Researchers at Stanford University used data from the Union Army Veterans of the Civil War (1860-1940), the National Health and Nutrition Examination Survey (1971-1975), and the Stanford Translational Research Integrated Database Environment (2007-2017) to determine that the mean body temperature in men and women has decreased by 0.03 degrees Celsius per birth decade. The reduction in body temperature is a proxy for metabolic rate and this may help to explain the changes in the health of humans and the increase in life expectancy. In 1851, Carl Reinhold August Wunderlich measured the body temperature of 25,000 humans and found that normal body temperature was 98.6 degrees Fahrenheit (or 37 degrees Celsius). […]
Here is a link to a short article on randomness. https://www.bloomberg.com/view/articles/2017-12-08/how-not-to-be-fooled-by-randomness
The following research article published in PlosOne describes the role of replication in research articles as well as the lack of media follow-up on research. I recommend that you ask your students to read this article and have a discussion about the role the media plays in delivering scientific research. Does the media have an obligation to follow up its own reports to confirm their validity? Here are some highlights that I garnered from the article. A key idea to understand is that the P-value from a hypothesis test is computed from the sample data. Therefore, the P-value is really the P-value based on the sample data in the […]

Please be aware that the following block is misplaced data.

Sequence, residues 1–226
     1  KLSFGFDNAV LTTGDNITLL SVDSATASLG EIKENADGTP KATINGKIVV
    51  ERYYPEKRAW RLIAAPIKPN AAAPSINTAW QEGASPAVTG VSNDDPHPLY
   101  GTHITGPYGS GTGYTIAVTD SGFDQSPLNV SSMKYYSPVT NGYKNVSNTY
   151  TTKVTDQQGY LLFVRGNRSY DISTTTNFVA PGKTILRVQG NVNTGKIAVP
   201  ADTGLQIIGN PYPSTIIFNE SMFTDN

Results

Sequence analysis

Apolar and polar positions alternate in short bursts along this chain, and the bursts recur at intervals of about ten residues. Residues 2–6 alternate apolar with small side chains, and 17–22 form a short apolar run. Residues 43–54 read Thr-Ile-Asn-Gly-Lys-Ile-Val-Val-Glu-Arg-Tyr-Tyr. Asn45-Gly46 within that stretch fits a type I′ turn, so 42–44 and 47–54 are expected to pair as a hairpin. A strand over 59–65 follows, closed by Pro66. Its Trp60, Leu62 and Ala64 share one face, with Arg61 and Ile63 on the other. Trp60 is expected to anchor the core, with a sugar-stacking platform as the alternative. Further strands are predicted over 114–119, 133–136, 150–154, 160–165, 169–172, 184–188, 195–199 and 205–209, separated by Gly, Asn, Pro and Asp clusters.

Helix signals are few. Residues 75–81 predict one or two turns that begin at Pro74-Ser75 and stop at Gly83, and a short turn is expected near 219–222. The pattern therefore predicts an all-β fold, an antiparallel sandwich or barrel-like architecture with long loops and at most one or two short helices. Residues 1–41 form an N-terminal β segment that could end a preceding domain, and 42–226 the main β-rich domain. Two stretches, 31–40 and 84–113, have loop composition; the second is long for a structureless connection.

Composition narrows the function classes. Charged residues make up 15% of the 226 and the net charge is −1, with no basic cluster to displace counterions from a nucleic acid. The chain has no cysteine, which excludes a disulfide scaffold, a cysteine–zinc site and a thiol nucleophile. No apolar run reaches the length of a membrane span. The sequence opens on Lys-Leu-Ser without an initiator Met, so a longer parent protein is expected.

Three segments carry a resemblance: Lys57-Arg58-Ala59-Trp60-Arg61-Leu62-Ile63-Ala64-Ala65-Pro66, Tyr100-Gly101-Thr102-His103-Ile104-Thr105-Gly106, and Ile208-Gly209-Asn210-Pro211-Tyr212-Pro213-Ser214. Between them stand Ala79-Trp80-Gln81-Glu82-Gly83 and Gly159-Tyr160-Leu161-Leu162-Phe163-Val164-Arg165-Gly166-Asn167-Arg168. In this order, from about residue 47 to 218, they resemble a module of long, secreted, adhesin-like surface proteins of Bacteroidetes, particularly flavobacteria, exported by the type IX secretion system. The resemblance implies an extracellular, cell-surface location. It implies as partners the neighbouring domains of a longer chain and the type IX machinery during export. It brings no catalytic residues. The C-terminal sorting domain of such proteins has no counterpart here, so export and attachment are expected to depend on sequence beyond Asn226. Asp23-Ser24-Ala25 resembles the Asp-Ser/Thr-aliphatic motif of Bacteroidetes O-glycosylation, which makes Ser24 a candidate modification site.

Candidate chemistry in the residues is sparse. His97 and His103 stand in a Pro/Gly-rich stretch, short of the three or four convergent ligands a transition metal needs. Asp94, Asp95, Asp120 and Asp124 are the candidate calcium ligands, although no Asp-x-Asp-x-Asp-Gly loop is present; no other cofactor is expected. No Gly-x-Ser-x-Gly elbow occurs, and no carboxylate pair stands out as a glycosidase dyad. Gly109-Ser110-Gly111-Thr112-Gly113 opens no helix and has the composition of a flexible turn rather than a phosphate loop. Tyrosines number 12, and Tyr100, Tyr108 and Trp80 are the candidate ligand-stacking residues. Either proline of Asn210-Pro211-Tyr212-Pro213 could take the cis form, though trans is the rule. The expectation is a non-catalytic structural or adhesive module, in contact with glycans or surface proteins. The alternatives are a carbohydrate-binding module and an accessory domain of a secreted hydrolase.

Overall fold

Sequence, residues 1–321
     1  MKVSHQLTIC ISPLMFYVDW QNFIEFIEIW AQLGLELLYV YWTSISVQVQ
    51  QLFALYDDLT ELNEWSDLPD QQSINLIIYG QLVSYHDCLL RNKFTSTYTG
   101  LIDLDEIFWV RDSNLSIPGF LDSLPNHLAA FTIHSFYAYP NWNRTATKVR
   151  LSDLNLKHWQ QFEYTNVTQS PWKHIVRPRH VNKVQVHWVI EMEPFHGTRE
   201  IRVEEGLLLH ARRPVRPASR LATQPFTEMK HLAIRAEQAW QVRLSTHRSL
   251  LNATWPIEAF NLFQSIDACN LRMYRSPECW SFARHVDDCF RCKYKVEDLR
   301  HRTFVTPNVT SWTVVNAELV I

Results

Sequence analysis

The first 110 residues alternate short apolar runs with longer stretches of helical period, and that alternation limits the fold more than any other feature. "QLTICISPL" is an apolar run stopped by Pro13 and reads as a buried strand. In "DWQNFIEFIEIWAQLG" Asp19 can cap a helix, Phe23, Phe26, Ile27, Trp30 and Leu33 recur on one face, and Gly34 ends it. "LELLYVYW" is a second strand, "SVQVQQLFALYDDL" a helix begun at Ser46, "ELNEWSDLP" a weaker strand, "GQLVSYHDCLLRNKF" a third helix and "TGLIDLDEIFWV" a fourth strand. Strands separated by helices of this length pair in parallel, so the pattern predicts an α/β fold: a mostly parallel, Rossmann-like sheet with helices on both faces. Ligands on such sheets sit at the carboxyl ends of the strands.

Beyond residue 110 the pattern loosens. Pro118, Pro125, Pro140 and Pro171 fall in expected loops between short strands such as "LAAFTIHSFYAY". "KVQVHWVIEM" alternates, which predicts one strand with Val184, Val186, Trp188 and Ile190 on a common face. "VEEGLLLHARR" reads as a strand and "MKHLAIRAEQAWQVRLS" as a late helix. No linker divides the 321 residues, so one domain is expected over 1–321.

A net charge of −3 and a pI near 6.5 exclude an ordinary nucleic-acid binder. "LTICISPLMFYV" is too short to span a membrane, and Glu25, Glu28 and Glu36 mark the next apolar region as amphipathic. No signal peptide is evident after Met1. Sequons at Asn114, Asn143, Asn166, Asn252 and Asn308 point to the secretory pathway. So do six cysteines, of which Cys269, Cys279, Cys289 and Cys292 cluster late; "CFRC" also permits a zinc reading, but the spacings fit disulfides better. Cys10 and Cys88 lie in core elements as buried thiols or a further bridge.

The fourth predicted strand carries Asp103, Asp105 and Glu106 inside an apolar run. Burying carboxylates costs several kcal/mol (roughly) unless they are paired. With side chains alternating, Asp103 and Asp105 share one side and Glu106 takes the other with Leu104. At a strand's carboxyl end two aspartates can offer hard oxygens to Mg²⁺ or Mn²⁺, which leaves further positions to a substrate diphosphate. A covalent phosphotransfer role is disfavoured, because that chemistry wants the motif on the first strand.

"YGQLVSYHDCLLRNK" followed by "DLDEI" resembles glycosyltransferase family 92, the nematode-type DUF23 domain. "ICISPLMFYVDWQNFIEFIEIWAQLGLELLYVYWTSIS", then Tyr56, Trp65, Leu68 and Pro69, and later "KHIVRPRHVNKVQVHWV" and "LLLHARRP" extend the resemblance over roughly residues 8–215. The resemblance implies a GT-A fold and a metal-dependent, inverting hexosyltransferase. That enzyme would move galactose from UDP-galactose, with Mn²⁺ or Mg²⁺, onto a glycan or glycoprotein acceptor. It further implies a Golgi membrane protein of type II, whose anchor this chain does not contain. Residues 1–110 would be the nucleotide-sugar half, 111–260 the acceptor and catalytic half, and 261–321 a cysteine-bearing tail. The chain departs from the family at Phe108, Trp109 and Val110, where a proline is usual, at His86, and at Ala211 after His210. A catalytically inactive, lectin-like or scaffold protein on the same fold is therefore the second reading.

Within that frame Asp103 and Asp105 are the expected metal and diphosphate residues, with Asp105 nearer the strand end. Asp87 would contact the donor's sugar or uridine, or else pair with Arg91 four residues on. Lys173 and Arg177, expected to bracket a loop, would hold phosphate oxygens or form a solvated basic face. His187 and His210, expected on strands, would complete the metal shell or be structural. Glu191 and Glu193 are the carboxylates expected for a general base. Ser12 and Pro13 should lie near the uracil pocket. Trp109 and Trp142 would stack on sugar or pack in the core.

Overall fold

Here is an interesting article on the differences between Data Models (the typical models used in an Intro Stats course) and Algorithmic Models (the type of models Data Scientists use). Statistical Models: Two Cultures
Here is an interesting study completed within the City University of New York system on co-requisite remediation. They compared three groups using a randomized trial – Elementary Algebra students, Elementary Algebra with Supplemental Instruction, Elementary Statistics with Supplemental Instruction. The 721 participants were randomly assigned to one of those three groups. Guess what? The pass rates for the courses were as follows: Elementary Algebra: 39% Elementary Algebra with SI: 45% Statistics with SI: 56% Read about the study here. The Sullivan Statistics series offers an Introductory Statistics text with Integrated Review. The Integrated Review content is based on Sullivan’s popular Developmental Mathematics series.